I moved here with the same idea / plan you seem to be eyeing here. Obtain legal residency with intent toward eventual permanent status and citizenship. After 2 years here I have lost all interest for fatigue with the state of things. I’ll gladly return to Mexico instead. I am an american citizen.

      To ‘answer’ though your query, the numbers on paper as far as I have come to understand are: you are given initially a 1 year residence permit. Then you renew and are given 2 years. Renew again and are given another 2 years. This makes 5 years so far total in residence. After that, you are able to renew again and obtain permanent residency. However, this still must be renewed I believe each five years. After ten years total residency in Spain, you are eligible to apply for citizenship. Eligible to apply does not mean it will be granted. There is a whole battery of tests, language and cultural etc., which stand in the way of the citizenship-seeker, and I am guessing this process would take years worth of obtaining and waiting for appointments, and chasing down papers, and still further appointments to obtain still further papers, and finding out the papers you have are no longer valid for being more than 90 days old, and beginning the process anew, etc. As I am finding out, the system here cannot seem to manage confidently my very run-of-the-mill, simple, straightforeward residency renewal without screwing it up. I would have zero confidence in seeing the process through to actual citizenship. The fact seems to be that Spain does not want you here, and these guaranteed fouls-up are the manner in which this distaste for non-refugee migrants is communicated.

      Best luck though, with your attempt.

      1. Thanks very much Bill, a lot to think about given I am risking losing my UK visa to move to Spain and already on a path to citizenship there.

        Hope it improves for you.

        Cheers,
        Liam

      2. Every experience is different. I say for those who want to stay, lean on friends in Spain, expats, do research and whatever you can to streamline the process. In Washington Dc, we were approved for our non lucrative in 30 days. Living near DC and Annapolis and making the visa a full time job, I gathered all paperwork needed in 10 days. This is rare, but the process for our family was 40 days. We submitted our renewal paper work in Valencia on October 20, 2015 with the help of an expat on FB who had just gone through the process. He gave us instructions on what to do, links on how to check things online and recommended making an appt ASAP online which we did. We picked up our cards January 15, 2016. I am not saying they are bending over backwards to help you, however, with some persistence and research you can do things in a timely manner. We came from Baltimore and as landlords in the city, I can’t say things in our government offices worked any smoother (sadly.) A fellow expat just got her residency and we were told after our next renewal we too will have our residency. Good luck to all, we love Spain and have no plans to return!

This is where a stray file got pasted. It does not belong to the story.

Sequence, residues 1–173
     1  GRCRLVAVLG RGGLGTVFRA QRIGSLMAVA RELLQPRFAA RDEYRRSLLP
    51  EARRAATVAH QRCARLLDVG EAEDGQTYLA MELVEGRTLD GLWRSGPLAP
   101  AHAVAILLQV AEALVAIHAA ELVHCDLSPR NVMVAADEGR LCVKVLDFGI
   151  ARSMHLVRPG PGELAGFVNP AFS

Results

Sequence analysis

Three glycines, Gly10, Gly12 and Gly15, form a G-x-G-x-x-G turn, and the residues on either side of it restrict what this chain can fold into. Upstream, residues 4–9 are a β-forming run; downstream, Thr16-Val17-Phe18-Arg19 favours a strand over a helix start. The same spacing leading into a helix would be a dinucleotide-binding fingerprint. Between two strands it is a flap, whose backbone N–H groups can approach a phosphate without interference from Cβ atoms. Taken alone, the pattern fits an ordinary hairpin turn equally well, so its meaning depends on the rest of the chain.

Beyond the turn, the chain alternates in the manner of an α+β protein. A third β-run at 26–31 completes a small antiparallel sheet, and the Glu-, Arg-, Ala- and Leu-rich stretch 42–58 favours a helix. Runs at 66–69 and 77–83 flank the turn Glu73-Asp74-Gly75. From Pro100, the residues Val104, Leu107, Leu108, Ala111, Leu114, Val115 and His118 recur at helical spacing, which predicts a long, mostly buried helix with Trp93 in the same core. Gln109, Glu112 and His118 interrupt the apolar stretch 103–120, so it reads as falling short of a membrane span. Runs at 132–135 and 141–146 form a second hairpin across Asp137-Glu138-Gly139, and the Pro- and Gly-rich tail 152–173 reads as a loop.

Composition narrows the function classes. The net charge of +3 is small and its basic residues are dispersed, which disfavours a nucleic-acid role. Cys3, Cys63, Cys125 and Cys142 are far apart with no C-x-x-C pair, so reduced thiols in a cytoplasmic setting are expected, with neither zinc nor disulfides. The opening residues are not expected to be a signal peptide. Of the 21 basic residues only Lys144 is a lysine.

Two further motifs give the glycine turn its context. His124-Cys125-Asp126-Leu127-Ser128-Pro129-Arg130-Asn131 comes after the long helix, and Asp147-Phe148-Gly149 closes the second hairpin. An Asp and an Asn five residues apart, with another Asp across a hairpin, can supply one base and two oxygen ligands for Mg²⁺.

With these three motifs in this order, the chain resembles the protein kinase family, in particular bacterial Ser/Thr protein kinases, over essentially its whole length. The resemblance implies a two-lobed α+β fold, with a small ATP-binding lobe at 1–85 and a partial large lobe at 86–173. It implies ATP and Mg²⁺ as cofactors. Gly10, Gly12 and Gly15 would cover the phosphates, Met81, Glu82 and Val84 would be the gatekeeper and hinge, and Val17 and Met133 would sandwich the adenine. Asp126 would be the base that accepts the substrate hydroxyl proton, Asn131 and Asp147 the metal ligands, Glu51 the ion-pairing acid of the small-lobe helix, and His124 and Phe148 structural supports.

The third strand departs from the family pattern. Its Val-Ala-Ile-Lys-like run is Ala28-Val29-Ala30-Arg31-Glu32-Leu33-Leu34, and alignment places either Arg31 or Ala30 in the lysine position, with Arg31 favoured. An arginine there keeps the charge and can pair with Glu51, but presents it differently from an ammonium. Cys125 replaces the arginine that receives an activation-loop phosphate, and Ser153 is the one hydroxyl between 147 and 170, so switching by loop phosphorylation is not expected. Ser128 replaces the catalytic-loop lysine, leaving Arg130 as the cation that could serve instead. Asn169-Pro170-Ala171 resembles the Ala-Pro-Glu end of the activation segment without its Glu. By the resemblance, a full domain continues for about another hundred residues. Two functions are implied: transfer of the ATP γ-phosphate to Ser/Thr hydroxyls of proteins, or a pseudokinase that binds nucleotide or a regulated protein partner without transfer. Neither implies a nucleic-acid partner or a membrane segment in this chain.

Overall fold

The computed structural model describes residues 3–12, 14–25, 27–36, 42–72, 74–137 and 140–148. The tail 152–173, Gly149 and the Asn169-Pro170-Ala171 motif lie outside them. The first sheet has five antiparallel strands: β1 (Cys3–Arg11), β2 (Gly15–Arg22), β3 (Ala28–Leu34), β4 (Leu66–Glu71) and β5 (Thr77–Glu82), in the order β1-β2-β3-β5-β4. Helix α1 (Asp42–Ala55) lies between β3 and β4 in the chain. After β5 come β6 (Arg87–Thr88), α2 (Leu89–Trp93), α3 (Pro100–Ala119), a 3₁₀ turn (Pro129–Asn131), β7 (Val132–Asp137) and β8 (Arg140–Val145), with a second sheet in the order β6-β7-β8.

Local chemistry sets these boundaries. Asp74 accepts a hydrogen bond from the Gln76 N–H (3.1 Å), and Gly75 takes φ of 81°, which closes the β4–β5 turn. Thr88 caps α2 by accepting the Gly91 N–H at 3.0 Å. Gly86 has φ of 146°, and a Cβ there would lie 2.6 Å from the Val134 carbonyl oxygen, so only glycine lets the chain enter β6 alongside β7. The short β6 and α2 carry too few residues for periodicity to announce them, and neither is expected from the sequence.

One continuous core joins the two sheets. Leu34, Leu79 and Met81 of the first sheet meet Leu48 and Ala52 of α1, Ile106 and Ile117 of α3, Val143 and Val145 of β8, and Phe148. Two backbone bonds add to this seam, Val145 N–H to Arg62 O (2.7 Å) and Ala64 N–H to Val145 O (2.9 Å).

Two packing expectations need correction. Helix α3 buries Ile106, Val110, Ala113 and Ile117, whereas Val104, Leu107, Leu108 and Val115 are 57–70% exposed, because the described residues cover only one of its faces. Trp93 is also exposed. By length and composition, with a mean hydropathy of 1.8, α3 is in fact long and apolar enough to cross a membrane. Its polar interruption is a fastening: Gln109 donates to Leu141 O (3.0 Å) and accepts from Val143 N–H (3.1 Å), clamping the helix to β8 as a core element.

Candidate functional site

6. Hi, My husband and I got a letter from Extranjero today asking us to show up within 10 days with paperwork to prove we still have sufficient funds, insurance and our passports ( with photocopies ). We initially submitted paperwork in L.A. April 27th, 2015, so we are nearing a year but our initial non-lucrative permit is good until Sept 1st, 2016 and we plan to renew around that time. We are in Alicante and must go to Valencia for this. Luckily enough, we just made reservations yesterday for a 4-day visit to Valencia next week ( are we psychic, don’t know … ) so it hopefully won’t be such a pain but I am curious if anyone else has experienced this and/or if this might go towards a renewal ?
    Thanks, Nancy

  7. Just an update for everyone reading this (and Jed!)…

    We applied a month before our renewal date, with all correct and complete paperwork. About 6 weeks later, we finally got a letter stating they were missing our proof of health insurance, even though it was in the first submission of paperwork for renewal. Ah well.

    So, we resubmitted that. A couple months later, we received notice that we were approved for two more years. They gave us an appointment to come in for fingerprints and to bring our paid taza and all that jazz, which we did back in March. On that day, they gave us an appointment for April to pick up our cards.

    Et voilà, we received our two-year renewal cards, nearly six months after we applied for them, and they expire in 1.5 years due to the delay haha.

    I know it’s different in every place; but in Seville, they’re now giving appointments for everything after the initial renewal submission/application. It’s nice because you know things might get done, but annoying to wait weeks just to go get some fingerprints taken or whatever. Also, at least here, one can now check the status of the renewal process online with a NIE.

    Happy renewing!

    1. Ryan;

      Congratulations for the renewal!

      Did you have to translate the medical coverage in Spanish? Thanks for the medical insurance link. I am considering getting the Insubuy “Atlas International” coverage for my renewal which is due in 3 months.

      Cheers
      John